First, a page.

What Hajj Looks Like During Covid-19July 22, 2021 2023-08-20 19:40
What Hajj Looks Like During Covid-19
Every year, around 2.5 million people perform Hajj. However, assembling this many people in one area could have dramatic repercussions in a global pandemic. For the second year in a row, due to COVID-19, the Saudi authorities declared that Hajj would be limited to the Kingdom’s residents exclusively. What has Hajj looked like exactly during Covid-19? Read on to find out!
What Happened To Hajj In 2020 Due To The Pandemic?
In the middle of the Covid-19 pandemic, the Kingdom of Saudi Arabia declared on June 22, 2020, that it would host a “very restricted” Hajj. The Hajj was closed to the rest of the world, with a quota of just 1,000 pilgrims who were inhabitants of the Kingdom.
The decision, as wise, understandable and commendable as it was, made the heart of thousands upon thousands of Muslims around the world very heavy with sadness, as the chance to embark on the pilgrimage is hard to come by. It is held only once a year and requires a lot of planning and financing on the individual side.
It was particularly disheartening for many who had already been picked by Hajj agencies in their own countries but were unable to go to the Kingdom. The quota system is managed by each country’s national Hajj organization, and pilgrims might wait up to 20 years in line.
To prevent the spread of the virus during the 2020 Hajj, rigorous health procedures such as mandatory face masks and social distancing, as well as regular disinfection of Masjid al-Haram, were required.
Circumambulating the Ka’bah (tawaf), the back-and-forth walk (sa’ee) between Safa and Marwa mountains, standing atop Arafah mount, and everything in between were all regulated with social distancing. Because of the limited number of pilgrims, this was fairly easy.
Though socially distant congregational prayers (jama’a) were permitted during the Hajj, it remains an uncommon sight for the Muslim who is used to the closeness of traditional prayers, which contributes to a sense of community and togetherness in gratitude for Allah سُبْحَانَهُ وَتَعَالَى.
The classic picture of the Ka’bah surrounded by a swarm of pilgrims contrasts sharply with the tiny groups of 50 occupying the enormous expanse of Mecca’s mosque, each spaced apart and carefully supervised by healthcare personnel.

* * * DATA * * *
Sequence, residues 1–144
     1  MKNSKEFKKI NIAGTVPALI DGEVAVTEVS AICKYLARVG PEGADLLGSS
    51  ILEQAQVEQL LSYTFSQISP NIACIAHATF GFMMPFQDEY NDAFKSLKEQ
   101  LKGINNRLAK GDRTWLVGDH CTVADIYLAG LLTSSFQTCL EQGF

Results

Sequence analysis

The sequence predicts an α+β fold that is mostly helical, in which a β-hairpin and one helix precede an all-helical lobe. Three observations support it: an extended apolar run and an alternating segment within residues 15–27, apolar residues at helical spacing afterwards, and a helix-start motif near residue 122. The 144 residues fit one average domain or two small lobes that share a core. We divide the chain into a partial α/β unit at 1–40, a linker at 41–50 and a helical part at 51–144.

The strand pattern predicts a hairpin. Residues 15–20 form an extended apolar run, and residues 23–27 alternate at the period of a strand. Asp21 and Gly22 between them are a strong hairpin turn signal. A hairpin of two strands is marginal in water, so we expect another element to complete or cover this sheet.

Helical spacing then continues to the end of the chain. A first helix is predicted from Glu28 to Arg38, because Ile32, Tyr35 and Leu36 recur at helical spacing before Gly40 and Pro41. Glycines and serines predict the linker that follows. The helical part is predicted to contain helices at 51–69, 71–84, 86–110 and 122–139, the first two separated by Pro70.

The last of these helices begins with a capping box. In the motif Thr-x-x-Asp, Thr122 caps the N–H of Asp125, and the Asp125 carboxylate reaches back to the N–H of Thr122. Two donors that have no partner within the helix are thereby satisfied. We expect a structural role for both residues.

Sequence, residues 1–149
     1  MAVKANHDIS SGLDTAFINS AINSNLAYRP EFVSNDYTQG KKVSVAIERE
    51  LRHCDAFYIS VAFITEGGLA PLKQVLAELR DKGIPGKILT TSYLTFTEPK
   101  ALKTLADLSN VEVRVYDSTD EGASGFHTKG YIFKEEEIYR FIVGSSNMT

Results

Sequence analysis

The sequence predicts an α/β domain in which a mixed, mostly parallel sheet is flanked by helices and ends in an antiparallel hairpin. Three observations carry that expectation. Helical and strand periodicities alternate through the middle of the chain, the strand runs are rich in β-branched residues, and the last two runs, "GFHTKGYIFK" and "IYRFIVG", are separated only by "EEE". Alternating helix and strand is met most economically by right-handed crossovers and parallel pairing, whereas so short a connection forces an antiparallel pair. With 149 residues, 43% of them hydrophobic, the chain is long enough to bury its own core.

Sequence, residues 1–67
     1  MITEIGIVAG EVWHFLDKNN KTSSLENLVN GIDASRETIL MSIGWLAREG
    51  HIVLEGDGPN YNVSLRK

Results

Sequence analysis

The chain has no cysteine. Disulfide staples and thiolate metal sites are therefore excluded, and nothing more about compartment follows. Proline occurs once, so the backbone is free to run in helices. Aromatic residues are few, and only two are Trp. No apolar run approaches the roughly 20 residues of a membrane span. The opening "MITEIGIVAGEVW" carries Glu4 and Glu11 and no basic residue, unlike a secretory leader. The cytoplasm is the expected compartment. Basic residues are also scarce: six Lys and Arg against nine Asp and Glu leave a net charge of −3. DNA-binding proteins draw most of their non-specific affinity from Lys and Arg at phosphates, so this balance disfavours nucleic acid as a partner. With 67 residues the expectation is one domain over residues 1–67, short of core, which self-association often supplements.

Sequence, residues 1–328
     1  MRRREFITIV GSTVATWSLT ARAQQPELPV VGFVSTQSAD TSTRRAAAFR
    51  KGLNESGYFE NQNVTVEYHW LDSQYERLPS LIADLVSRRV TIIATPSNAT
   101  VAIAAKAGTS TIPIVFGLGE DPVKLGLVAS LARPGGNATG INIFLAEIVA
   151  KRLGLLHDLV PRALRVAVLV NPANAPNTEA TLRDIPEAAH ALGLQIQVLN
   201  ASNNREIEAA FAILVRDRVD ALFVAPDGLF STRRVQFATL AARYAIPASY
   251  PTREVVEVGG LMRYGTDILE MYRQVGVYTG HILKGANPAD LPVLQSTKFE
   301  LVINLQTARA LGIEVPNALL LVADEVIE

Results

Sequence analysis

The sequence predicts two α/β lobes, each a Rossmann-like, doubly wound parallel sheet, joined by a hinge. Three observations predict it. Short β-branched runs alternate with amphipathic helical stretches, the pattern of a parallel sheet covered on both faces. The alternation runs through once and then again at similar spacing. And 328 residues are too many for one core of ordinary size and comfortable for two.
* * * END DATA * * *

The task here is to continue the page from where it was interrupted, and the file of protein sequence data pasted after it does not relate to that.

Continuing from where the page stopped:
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What About Hajj 2021?
Hajj this year took place from July 17 to July 22. The Ministry of Hajj in the Kingdom of Saudi Arabia announced that Hajj would still be restricted this year, with a few modifications. It’s true that residents and citizens are the only people permitted to perform Hajj this year.
This year again, only Saudi residents were permitted to apply for Hajj. However, the number of people that would be selected was raised to 60,000, from just 1,000 last year thanks to other measures put in place as well as a context that is significantly different from last year since vaccination against Covid-19 is now available. As a matter of fact, only vaccinated pilgrims were allowed to participate in Hajj this year.
The Kingdom had indeed imposed various restrictions on residents who wished to apply for Hajj this year. According to some of these requirements, only those between the ages of 18 and 65 who had received at least one dose of a Covid-19 vaccination at least 14 days prior to the beginning of Hajj and were free of chronic illnesses were be permitted to perform Hajj this year.
People who had only had one dose of the Covid-19 vaccination could apply to perform Hajj, but they needed to get their second dose at least two weeks before the start of the trip if possible.
Each pilgrim was required to bring vaccination certificates provided by authorized health institutes in their place of citizenship, as well as a negative PCR test certificate produced by a certified laboratory within the previous 40 hours.
Anyone who failed to meet these requirements of applying and starting Hajj, as well as people who were over the age of 65, were not allowed to perform Hajj this year.
Last year’s logistical procedures around the rites and rituals of Hajj were still in place this year, such as how pilgrims were separated into groups for transportation to holy places, all places of lodging had Covid-19 health protocols in place, and how catering services were required to guarantee food be served to pilgrims in their rooms to avoid crowding.
A Hajj smart card system, which enlisted all approved Hajj pilgrims and linked them to facilities and services such as access to camps, transportation, hotels, mobile banking ports, and ATMs, as well as identify crowded places at the holy sites in Makkah and Madinah, was also used for this year.